The notion that gas is the cleanest fossil fuel has been losing steam. A series of recent studies suggest the industry may be spoiling ground water and dredging up radioactive materials. But its proudest claim — of emitting about half as much greenhouse gas as coal — has held firm. Now even this boast has been called into question by Cornell academics.

Apr 6, 2011
via Breakingviews

Transocean bonus mess makes Goldman look sensitive

By Christopher Swann
The author is a Reuters Breakingviews columnist. The opinions expressed are his own.

Wall Street banks have recently been in a league of their own when it comes to rewarding executives for lousy performance. But by granting safety bonuses, Transocean, the deep sea driller that owned and operated the rig involved in the Macondo disaster, has set a new standard for chutzpah. Hastily donating to a victims’ fund won’t undo the damage. Energy bigwigs on the board have justified public cynicism about the entitlement culture of Big Oil.

Mar 25, 2011
via Breakingviews

Chemicals give Exxon half a reason for integration

By Christopher Swann
The author is a Reuters Breakingviews columnist. The opinions expressed are his own.

Giant energy firms tend to treat their chemicals units as poor relations. The big exception is Exxon Mobil, whose chemicals business is now benefiting from speedy Asian growth. That gives the biggest oil major an argument for vertical integration that rivals don’t have — but it’s only partially convincing.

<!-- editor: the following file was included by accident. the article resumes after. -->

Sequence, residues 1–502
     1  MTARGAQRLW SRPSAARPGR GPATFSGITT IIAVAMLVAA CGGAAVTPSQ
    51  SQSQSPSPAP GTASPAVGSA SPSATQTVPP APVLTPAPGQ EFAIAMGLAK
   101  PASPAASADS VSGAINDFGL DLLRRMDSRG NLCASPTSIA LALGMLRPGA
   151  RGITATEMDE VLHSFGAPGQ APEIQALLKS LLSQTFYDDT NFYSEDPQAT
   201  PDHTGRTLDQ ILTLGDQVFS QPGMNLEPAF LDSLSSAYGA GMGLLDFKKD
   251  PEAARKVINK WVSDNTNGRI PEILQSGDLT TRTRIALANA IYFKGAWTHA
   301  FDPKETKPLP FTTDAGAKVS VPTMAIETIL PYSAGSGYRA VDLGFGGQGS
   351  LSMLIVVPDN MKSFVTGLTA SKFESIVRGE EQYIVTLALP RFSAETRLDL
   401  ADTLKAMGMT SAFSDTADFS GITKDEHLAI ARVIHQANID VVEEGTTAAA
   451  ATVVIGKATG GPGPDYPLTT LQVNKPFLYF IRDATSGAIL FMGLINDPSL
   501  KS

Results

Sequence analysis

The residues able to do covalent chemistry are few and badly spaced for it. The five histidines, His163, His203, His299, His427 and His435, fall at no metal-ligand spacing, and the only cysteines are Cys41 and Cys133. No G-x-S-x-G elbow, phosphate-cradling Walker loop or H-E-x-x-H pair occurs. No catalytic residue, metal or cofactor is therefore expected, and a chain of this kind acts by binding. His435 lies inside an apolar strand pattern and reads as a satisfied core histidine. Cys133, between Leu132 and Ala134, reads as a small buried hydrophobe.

Mar 18, 2011
via Breakingviews

Crude markets are being bullied by black swans

By Christopher Swann
The author is a Reuters Breakingviews columnist. The opinions expressed are his own.

Heads are spinning on oil trading desks. Markets are now weighing two competing tail risks — sliding demand from an injured Japan versus no-fly zones in Libya and Saudi troops in Bahrain. But in the absence of black swans, the relatively abundant flows of oil should eventually drive Brent below $100.

Feb 17, 2011
via Breakingviews

Big Oil gets another lesson from split at Williams

By Christopher Swann
The author is a Reuters Breakingviews columnist. The opinions expressed are his own.

Maybe now Big Oil will take notice. Williams has followed mid-size peer Marathon Oil with a carve-up plan. The decision to separate the pipeline and exploration businesses immediately boosted Williams’ market value by about $1.5 billion. It’s becoming more apparent that yoking such different operations together obscures value.

Feb 14, 2011

Coal could shine brighter than gold for investors

– The author is a Reuters Breakingviews columnist. The opinions expressed are his own –

By Christopher Swann

NEW YORK (Reuters Breakingviews) – Coal will never displace gold as jewelry. But it has started to outshine as an investment. While gold’s steep rally is threatened by a return to normal monetary policy, surging demand from Asia is pushing coal prices skyward. For those fearing higher inflation coal may be golden.

    • About Christopher

      "I am a columnist at Thomson Reuters focusing on the energy industry and hedge funds. Prior to this I worked at Bloomberg and the Financial Times."
    • Follow Christopher